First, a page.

Disruption of myo6 Motor Function Increases the Uncoated Vesicle Lifetime
Previous studies had shown that overexpression of GFP-M6tail led to a 15-min delay in transferrin trafficking to the early endosome (Aschenbrenner et al., 2003
). Consistent with this delay, GFP-M6tail–associated vesicles monitored by time-lapse microscopy exhibited a dramatic increase in vesicle lifetime, averaging 15.4 ± 5.6 min (). No difference in lifetime was noted based on vesicle position within the cell (unpublished data). This lifetime is likely an underestimate because cells were recorded for 20–22 min, and of 250 vesicles monitored the majority (65–85%) were still present at the movie's end. Therefore only a small percentage of vesicles disappeared as a result of early endosome fusion, suggesting that the defect in trafficking to the early endosome increases the apparent vesicle lifetime.
Vector analysis monitoring the start and end position of each vesicle confirmed that the GFP-M6tail–associated vesicles were not moving great distances (). However, analysis of many cells revealed that over the long vesicle lifetime there was a trend of net movement inward for many vesicles tracked. Inspection of phase-contrast images suggested that this was not due to general cell contraction. GFP-M6tail expression in epithelial cells causes a delay, not a block, in transferrin trafficking; given 30 min, the contents of the uncoated vesicles can be delivered to the early endosome (Aschenbrenner et al., 2003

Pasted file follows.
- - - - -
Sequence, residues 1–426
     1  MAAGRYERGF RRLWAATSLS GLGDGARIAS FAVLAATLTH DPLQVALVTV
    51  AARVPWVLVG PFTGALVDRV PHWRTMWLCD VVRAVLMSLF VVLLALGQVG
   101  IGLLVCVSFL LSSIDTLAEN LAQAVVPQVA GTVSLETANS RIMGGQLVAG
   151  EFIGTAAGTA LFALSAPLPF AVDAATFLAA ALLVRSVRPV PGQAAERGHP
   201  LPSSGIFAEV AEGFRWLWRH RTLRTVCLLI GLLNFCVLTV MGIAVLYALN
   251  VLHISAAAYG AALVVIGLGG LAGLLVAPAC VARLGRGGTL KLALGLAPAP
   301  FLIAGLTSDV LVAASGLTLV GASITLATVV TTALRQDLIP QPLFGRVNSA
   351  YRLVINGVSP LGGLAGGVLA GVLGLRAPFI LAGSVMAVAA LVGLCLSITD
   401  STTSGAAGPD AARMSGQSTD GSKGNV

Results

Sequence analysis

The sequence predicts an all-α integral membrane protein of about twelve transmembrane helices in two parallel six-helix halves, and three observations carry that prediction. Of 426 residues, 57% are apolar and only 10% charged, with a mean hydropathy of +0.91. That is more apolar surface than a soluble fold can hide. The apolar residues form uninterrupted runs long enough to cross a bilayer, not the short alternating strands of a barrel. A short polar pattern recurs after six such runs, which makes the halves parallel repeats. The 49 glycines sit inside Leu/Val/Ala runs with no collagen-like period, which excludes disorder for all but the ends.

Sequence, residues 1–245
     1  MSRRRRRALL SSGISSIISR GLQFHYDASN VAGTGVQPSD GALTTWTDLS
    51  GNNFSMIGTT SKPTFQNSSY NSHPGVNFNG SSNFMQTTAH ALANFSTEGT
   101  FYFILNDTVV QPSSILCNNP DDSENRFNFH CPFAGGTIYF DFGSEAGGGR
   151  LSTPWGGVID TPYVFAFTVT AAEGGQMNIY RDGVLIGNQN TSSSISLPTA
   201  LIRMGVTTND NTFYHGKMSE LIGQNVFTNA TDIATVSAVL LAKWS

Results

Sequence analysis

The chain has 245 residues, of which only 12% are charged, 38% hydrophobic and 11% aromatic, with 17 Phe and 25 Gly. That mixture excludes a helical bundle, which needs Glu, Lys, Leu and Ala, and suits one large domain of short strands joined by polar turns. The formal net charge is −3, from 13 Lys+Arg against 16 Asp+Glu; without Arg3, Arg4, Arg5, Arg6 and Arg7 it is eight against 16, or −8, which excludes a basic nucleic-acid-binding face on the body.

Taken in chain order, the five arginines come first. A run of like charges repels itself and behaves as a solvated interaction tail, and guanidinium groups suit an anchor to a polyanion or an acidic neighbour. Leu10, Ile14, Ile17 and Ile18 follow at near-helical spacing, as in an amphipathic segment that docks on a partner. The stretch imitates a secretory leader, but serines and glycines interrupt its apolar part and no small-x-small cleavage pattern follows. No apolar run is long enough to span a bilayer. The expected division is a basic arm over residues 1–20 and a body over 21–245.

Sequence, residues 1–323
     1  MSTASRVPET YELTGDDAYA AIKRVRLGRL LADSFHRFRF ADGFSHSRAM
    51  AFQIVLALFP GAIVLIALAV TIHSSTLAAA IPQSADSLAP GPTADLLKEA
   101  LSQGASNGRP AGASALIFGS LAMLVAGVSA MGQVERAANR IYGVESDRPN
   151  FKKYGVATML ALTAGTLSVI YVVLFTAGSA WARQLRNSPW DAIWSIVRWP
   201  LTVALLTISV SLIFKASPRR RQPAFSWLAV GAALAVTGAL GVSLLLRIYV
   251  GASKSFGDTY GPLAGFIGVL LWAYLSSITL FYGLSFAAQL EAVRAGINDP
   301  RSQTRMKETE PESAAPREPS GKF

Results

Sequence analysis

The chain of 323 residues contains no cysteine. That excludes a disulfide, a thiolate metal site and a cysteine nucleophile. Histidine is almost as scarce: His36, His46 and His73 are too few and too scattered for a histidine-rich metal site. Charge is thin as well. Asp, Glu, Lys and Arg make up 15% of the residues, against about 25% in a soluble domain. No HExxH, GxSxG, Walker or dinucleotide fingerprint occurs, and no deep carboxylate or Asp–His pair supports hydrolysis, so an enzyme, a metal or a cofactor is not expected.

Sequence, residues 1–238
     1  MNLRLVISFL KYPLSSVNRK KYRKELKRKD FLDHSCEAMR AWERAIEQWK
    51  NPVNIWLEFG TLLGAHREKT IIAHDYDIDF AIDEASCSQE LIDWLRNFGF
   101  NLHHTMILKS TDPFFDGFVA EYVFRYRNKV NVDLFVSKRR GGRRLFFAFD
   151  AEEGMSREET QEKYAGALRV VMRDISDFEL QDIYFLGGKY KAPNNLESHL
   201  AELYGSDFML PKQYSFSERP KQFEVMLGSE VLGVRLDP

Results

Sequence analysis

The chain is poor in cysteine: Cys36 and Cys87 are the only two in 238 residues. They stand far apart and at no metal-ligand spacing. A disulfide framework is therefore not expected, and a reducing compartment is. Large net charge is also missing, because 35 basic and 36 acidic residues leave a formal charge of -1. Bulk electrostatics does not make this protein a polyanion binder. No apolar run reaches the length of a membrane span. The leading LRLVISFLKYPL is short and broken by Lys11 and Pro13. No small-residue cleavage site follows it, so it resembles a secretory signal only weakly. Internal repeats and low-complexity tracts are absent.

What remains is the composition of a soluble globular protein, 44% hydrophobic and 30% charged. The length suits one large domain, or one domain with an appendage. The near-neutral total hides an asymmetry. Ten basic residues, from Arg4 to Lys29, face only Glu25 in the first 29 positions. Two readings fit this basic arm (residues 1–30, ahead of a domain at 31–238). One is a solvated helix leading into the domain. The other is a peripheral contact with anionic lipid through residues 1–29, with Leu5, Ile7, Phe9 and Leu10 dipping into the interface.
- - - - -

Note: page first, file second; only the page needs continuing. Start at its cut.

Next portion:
). We therefore hypothesized that the inward movement of GFP-M6tail–associated uncoated vesicles could reflect an alternate mechanism for slow vesicle trafficking in the absence of myo6.
Uncoated Vesicle Movement Is Not Linked to Retrograde Actin Flow
One explanation for the apparent slow inward movement of GFP-M6tail–associated vesicles could be the action of residual endogenous myo6 associated with these vesicles. However, previous studies have shown that this construct effectively displaces endogenous myo6 off of the surface uncoated vesicles, even when expressed at low levels (Aschenbrenner et al., 2003